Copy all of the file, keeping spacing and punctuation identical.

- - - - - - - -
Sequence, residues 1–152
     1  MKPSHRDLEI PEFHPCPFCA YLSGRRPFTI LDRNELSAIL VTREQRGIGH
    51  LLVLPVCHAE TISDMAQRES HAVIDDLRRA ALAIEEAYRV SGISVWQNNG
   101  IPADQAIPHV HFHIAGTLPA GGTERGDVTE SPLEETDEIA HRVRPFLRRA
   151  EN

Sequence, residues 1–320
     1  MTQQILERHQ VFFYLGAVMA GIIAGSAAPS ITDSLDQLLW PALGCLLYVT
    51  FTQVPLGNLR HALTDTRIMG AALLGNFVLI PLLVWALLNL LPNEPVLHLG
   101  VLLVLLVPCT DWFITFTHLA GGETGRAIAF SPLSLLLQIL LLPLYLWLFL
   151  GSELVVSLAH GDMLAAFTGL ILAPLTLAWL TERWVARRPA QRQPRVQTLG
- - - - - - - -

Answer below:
Sequence, residues 1–152
     1  MKPSHRDLEI PEFHPCPFCA YLSGRRPFTI LDRNELSAIL VTREQRGIGH
    51  LLVLPVCHAE TISDMAQRES HAVIDDLRRA ALAIEEAYRV SGISVWQNNG
   101  IPADQAIPHV HFHIAGTLPA GGTERGDVTE SPLEETDEIA HRVRPFLRRA
   151  EN

Sequence, residues 1–320
     1  MTQQILERHQ VFFYLGAVMA GIIAGSAAPS ITDSLDQLLW PALGCLLYVT
    51  FTQVPLGNLR HALTDTRIMG AALLGNFVLI PLLVWALLNL LPNEPVLHLG
   101  VLLVLLVPCT DWFITFTHLA GGETGRAIAF SPLSLLLQIL LLPLYLWLFL
   151  GSELVVSLAH GDMLAAFTGL ILAPLTLAWL TERWVARRPA QRQPRVQTLG